Easter is the perfect time for experimenting with marshmallows and chocolate. The oozier the better.
While I’m not sure whether Isaac Newton would agree, that placing marshmallows and chocolate in between two slices of brioche and applying heat and pressure constitutes a scientific experiment.
However, although he’s obviously not around to ask, I’m sure he’d be licking his fingers and declaring the results: “scrumidillyumptious”!
As for myself, I concluded that further experimentation is required.
2 slices of brioche loaf (I get mine from Aldi)
Chocolate (I chose Cadbury Dairy Milk)
Marshmallows (I chose pink).
Here are the Basic Directions:
Place a single slice of brioche in the sandwich press for each person.
Arrange pink marshmallows and your choice of chocolate as desired on top of the brioche. You will observe in the photo below that I prefer a rather oozy, messy outcome. On the other hand, our daughter wanted to minimise the ooze and even placed hers in the fridge for a bit to firm it up a bit.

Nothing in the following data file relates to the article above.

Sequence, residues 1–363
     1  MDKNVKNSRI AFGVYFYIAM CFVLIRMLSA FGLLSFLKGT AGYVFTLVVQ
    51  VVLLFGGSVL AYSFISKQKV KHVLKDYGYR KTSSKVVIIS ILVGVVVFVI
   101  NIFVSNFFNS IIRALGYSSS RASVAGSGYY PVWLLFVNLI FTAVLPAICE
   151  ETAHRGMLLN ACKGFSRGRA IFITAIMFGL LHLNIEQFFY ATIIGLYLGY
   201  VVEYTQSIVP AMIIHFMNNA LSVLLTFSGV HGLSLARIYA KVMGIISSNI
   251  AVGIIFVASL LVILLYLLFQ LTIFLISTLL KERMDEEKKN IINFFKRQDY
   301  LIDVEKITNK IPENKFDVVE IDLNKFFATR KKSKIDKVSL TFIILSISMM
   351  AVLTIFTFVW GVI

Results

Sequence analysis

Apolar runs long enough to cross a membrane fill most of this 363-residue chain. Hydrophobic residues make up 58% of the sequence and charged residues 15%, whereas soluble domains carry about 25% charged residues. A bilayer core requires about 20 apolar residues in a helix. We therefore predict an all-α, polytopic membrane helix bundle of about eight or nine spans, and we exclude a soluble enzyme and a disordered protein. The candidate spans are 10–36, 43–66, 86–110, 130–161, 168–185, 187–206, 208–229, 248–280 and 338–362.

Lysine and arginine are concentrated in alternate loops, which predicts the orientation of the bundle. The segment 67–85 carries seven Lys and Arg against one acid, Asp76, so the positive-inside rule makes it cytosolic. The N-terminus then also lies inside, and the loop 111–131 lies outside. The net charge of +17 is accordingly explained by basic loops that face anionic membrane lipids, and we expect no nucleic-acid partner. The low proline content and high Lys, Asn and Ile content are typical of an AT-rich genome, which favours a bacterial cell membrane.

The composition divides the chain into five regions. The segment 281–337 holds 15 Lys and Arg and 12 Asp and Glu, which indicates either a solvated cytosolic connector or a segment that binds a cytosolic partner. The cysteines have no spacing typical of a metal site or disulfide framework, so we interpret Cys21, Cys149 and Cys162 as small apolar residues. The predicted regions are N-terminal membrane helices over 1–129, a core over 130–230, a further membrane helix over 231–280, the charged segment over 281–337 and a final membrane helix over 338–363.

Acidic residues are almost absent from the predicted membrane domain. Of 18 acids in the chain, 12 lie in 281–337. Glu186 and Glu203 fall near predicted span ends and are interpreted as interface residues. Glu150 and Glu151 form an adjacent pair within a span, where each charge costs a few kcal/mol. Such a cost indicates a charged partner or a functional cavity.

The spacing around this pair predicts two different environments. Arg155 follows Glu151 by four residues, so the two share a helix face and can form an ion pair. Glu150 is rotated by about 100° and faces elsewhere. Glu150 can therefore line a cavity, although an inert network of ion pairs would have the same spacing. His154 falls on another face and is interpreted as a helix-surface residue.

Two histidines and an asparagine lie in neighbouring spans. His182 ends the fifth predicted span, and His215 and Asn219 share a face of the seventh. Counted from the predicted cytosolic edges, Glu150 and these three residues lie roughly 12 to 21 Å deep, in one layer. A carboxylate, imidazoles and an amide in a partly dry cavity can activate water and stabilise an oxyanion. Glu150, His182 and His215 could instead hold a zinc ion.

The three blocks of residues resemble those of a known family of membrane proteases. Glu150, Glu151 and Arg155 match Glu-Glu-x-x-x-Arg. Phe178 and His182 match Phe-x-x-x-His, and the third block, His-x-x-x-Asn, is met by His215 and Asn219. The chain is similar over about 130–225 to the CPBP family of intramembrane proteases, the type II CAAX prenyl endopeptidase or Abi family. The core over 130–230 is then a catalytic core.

Cover with a second slice of Brioche (the lid) and close the sandwich press.
Remove toastie using lifter when golden brown and contents have melted. Watch out for hot melted contents and the risk of burns.
I started out by simply melting Cadbury Dairy Milk Chocolate in between two slices of brioche.
That was just begging for a few marshmallows.
Finding that combination rather sweet, I added a few blueberries for a bit of tang.
I’m now planning to try a rocky road version with nuts and glace cherries to balance out the very sweet chocolate and marshmallows.
Personally, I can see the Marshmallow Mud Toastie satisfying those late night chocolate cravings without creating a huge mess.
Well, let’s just say the mess is contained to your face and fingers.
Of course, I understand that these innocent Marshmallow Mud Toasties will have their critics. That puritanical do-gooder wowsers, will shoot them down. Slam their insane sugar and calorie content and the evils of “food therapy”.
However, personally I believe scoffing one of these oozy treats, is a hell of a lot better for you than some other cures for depression or a rough trot.
Therefore, I don’t believe I’m stretching the truth too far, to say these scrummy treats are actually “healthy”.
What do you think?
“Healthy” is all a matter of perspective and while they have their critics, retail and food therapy can be a lot better for you than some of the alternatives.